Get ready for some serious scrolling as Uniqlo ‘hacks’ Pinterest and utilises the social media platform in a fresh way.
Earlier this year, we showed how brands are using the image-based social network platform, Pinterest. The latest is Japanese clothing brand, Uniqlo, who has ‘hacked’ Pinterest to create lively mosaics on the site, utilising it in a new way.
Pinterest allows you to ‘pin’ any image from the web onto a virtual pinboard – curating online moodboards around absolutely any theme or interest - a bit like an online scrapbook.
Uniqlo "Dry Mesh Project" by Firstborn, New York.
As users visit Uniqlo’s boards and scroll down endlessly through their favourite categories, they will come across blocks of images, which work together to form one larger, branded mosaic that seemingly animates as the user makes their way down the page. The project can be viewed by all Pinterest visitors, whether or not they follow Uniqlo.
New York digital agency Firstborn developed the concept while working in tandem with Uniqlo. Dubbed the Uniqlo “Dry Mesh Project”, Firstborn has used images of the Dry Mesh variety of T-shirt (which Uniqlo say has been designed to keep the wearer dry by wicking away moisture).
Uniqlo, who have in the past proven they are not shy when it comes to embracing digital, created the mosaic with Firstborn by creating 100 separate accounts on Pinterest that were then switched over to Uniqlo branded accounts. By doing so, it created a single ‘animated’ stream that is intended to liven up the social media experience for the user, encouraging them to continue exploring the platform.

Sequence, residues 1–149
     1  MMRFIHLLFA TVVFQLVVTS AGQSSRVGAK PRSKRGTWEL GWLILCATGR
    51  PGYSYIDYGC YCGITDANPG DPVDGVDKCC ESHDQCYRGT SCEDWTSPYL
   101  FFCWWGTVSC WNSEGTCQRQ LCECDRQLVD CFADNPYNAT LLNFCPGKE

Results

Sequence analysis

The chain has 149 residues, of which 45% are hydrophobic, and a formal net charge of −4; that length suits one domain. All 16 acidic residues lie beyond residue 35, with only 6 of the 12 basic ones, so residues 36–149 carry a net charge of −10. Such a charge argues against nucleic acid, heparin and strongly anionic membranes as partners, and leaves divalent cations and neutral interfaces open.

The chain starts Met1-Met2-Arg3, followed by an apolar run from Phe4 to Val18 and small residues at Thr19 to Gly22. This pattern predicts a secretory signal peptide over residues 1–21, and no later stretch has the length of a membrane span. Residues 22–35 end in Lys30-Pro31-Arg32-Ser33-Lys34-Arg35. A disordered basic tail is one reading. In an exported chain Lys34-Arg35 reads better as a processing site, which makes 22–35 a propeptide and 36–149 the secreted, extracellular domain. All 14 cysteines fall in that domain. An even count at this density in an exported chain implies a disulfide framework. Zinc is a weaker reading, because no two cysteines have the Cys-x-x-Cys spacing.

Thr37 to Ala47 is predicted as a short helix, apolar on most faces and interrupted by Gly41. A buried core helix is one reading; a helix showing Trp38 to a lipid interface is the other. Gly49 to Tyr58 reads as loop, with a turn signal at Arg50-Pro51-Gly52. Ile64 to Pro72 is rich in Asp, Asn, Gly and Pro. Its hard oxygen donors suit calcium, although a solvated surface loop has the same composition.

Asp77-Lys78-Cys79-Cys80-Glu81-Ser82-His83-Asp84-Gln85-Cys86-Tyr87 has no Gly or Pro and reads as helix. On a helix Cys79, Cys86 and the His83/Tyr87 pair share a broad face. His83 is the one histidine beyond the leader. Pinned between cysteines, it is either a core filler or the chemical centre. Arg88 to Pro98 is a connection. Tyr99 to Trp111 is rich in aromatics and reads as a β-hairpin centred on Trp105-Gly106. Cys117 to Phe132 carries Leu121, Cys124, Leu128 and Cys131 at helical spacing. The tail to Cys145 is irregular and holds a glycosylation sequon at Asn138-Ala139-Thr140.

The project is already in full swing and is targeting five specific categories on Pinterest where each mosaic will appear, including: Men’s Apparel, Women’s Apparel, Geek, Fitness and Sports.
In March 2012, the feminine product brand, Kotex, launched one of the first Pinterest campaigns, called “Woman’s Inspiration Day by Kotex”, created by Israeli agency, Smoyz. They targeted 50 ‘influential’ Pinterest users and studied their Pinterest boards before and then made handcrafted gifts for those users based on the items they liked most. All they needed to do was ‘repin’ the gift design in order to receive a box containing them.
Have a go at scrolling down Uniqlo’s Pinterest project here.